By Sarah Pridgeon
Bruce Brown has announced that he will run for the House Representative seat in House District #1. The position is currently filled by Representative Mark Semlek, who will be retiring when his term expires at the end of the year.
Brown is well equipped to hold a Legislative seat, he says, thanks to his long background of public service.
“I have a rich experience in serving on boards and commissions, starting back in the late 90s. I’ve been a member of the hospital board for quite a while and currently I serve as a commissioner for the Wyoming Community College Commission,” he elaborates.
“I’ve also held a lot of offices in economic development organizations – I was part of the Wyoming Economic Development Association board for a while.”
Brown is also a Certified Public Accountant (CPA) and holds an MBA from the University of Wyoming. He is currently working towards his doctorate in Educational Leadership.
“I believe strongly in lifelong learning,” he says.
“I have a well-rounded background and I grew up in Wyoming, so I understand the Wyoming issues.”
For the last decade, Brown’s aim in life has been to serve the public. During the process of completing a Leadership Wyoming program in 2002, he wrote a mission statement to transition his life to perform public service.
“It’s also in the mission of my CPA practice that I do public service,” he says. “Something that’s meaningful and dear to my heart is to serve the public.”
Brown ran twice for the position of State Auditor and also made the shortlist for State Treasurer in 2012.
“I’ve been working at it for a long time and, when Mark [Semlek] decided to retire, I thought well there’s a great opportunity for me to serve the State of Wyoming,” he says.
“I talked to some people and they were very excited about the possibility of me running, so I talked it over with my family and they said go for it. It’s not easy running a campaign and I’ve put my family through two statewide campaigns, so I wanted to make sure they were good with it and they were all on board.”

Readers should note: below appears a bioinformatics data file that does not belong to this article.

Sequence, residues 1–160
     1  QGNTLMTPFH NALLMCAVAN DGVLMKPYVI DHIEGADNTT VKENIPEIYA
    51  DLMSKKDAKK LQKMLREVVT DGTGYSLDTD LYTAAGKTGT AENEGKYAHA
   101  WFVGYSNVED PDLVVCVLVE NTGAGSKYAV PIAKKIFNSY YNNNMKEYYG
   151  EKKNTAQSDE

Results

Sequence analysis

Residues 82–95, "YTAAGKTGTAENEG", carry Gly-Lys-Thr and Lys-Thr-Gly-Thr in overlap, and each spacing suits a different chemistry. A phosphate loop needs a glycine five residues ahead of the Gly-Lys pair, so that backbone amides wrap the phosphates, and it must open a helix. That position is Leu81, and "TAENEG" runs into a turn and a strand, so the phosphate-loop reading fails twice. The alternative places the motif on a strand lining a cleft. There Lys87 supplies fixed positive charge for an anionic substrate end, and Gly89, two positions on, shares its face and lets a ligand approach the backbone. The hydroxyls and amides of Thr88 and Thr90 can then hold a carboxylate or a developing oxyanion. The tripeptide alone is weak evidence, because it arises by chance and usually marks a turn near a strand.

Brown believes his time as Chairman of the Crook County Hospital Board has demonstrated his abilities. When he was elected, he says, the county was very close to losing its nursing home.
“I worked really hard and now we’ve come a long, long way.
“We’re on the right track, so I think I’ve exhibited some of my leadership capabilities in bringing us right from the brink of disaster at the hospital,” he says.
“Now we’re up and coming. When I stepped down from chair in November, our cash position was much improved from when I took over, so I’m really proud of how the hospital is going and to have been part of that process with the board.”
Brown’s current focus is on four specific issues, beginning with the landfill situation.
“The DEQ is closing a lot of landfills and they’re not really coming across with a lot of money to help these communities do it. These are smaller communities in Crook and Weston Counties and that’s a big bill to shoulder,” he explains.
“I want to make sure that we get money pushed down from the state to help with those landfill closures and make sure we get it done right and without bankrupting all the cities.”
Brown would also like to see money directed to the cities and towns in House District #1, to make sure each one is well funded.
“It’s always a challenge financially with the smaller communities,” he nods.
“I just want to make sure that we get our fair share in House District #1.”
An issue that isn’t often mentioned, he says, is the use of public lands. Brown fears that we may have become a little complacent in protecting multiple uses and access to public lands in this region.
“That leads into local control. I do a lot of training in what’s called Lean Manufacturing and, when we talk about that, we talk about getting to the people who are closest to the work to get the good ideas on how to do things and how to improve your systems,” he explains.
“That’s the landowners and the managers of the lands in Crook and Weston Counties – we know how to do it. When you drive round our county and see how beautiful it is, I can’t see how we’ve done too bad a job of managing our lands, so that goes back to keeping the feds off our back.”
Brown’s final issue of interest is also related to local control and loosening federal oversight, he says.
“I’m working on my doctorate in education and one thing that really bothers me is loss of local control. The people who are educating our kids in our local towns and our parents know what they want,” he says.
“It’s keeping the feds off our back again and making sure that we don’t lose our local control, because we have a bunch of really talented people in Crook and Weston County and we know what we’re doing. We don’t need everybody looking over our shoulder to tell us how to do it.”
Brown is anticipating the campaign trail with pleasure and looks forward to meeting the public and hearing their concerns.
“At the end of the day, being a representative, the people need to know what I think so they’ll know where I stand, but it’s all about what the people of Crook and Weston County want to happen in our State of Wyoming,” he says.
“I’m more than willing to listen and learn and get the job done.”